Introduction: Easy Wood Saddle Rack

so my wife wanted something decent to rack her saddle on and challenged me to make something for as little money as possible. this design requires one 12x8 or 12x10 one inch thickness board, and three 3x8 one inch boards plus some screws, a robe hook, a saw, even a hand saw, drill and bits and optionally some stain/varnish

Step 1: Decisions About Design

look at this frame- decide if you want a shelf below the center support, if you do then buy a 10 foot board, if you want it exactly like mine, get the 8 footer. you can salvage the wood for the top from pallets as i did or buy the three  3 inch boards. the shelf is a later addition and has proven good for holding brushes and the center support works great to rack the common green tool trays  we all have around the barn.

Step 2: Cutting the Ends

saw the 12 incher into three pieces- two that are 36 inches and the remainder. if you want the shelf then saw that remainder into two equal lengths. these will become the ends and center support/shelf.
now mark the exact center of the end pieces and run a line all the way down
remember that "12 inch" is NOT the actual measurement so adjust the mark as needed.
ever notice that a two by four is not 2x4- same thing

Step 3: Cut the Top Slats

cutting down your 8 foot 3 inch wide board to 32 inches will yield 9 slats. of course using pallet pieces is cheaper but trim them down as needed.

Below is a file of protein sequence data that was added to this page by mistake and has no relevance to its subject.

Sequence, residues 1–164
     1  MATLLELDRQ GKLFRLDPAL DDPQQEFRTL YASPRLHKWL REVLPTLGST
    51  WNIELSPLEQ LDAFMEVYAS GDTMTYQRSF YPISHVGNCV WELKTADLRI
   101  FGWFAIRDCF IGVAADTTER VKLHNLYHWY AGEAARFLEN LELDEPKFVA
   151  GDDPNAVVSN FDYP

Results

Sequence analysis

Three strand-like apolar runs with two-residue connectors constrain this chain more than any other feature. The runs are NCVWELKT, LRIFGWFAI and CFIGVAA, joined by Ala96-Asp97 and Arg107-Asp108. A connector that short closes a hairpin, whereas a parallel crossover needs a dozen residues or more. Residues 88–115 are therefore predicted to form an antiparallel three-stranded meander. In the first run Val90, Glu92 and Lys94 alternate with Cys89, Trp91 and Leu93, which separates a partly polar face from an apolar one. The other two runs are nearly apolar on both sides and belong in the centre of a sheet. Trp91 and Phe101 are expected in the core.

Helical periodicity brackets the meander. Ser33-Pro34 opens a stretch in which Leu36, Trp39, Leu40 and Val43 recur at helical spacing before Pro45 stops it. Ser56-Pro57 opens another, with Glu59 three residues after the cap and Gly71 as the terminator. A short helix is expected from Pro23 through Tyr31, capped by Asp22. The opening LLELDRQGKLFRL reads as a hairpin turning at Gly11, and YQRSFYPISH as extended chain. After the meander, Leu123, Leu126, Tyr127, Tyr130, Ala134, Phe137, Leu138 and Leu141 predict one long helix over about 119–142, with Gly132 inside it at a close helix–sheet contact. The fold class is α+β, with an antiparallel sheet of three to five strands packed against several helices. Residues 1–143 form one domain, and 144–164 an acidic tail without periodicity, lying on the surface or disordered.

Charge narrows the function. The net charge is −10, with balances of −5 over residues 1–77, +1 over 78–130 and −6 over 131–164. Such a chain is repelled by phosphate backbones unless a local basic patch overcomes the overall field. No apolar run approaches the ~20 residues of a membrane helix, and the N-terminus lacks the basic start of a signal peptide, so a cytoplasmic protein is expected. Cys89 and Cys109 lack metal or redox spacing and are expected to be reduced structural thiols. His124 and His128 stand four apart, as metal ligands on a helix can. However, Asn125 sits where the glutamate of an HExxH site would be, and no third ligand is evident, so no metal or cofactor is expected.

Step 4: Tombstone the Top

lay a slat along the centerline of the end piece and use it as a guide to mark a 45 on either side of it, allow 3/4 inch wiggle room on either side. stack the two ends and cut out the tombstone shape-this will ensure they match even if you do the 45's by eye.

Step 5: Remember the Centerline?

now you get to use the drill- measure up 18 inches from the bottom of your end piece- opposite the tombstone end silly, and drill a hole to guide the screw- do both ends at once and they line up fine. make sure you are on the centerline

- drill a few more holes on the centerline to hold the center support you made from the tail of step two. drilling the holes is necessary so the wood won't split.

drill the center support with only one hole on each end two inches from the edge-be sure you are drilling into the end of the board so it can accept the screw in the lowest hole that you made in the end piece- confused? look at the pics, you are making that joint

*if you want the shelf, drill the end pieces and attach it below the center support-use a t-square to make a nice line and work from that, this is why the center support and shelf were made from the tail, that way they are easy to make identical and the exact measurement is not important.

Step 6: Assembly

attach the center support to both ends with one screw only, then drill the rest of the holes using the holes you made previously(in the end pieces)  as guides, then add the rest of the screws. now attach the top slats with screws, be sure to pre-drill those holes too- add some stain and the robe hook to finish it. total cost even with buying the wood and hook- 25$

thanks for looking at this project, it really is just kind of a bash, no real measuring and the most important thing is to pre-drill the holes and hit the center on the end of the support- L brackets save the day when you screw that up so you add 4 bucks cost.
 made entirely with a hand saw and cordless drill in one day and that included the hardware trip and staining.

Redneck Contest

Participated in the
Redneck Contest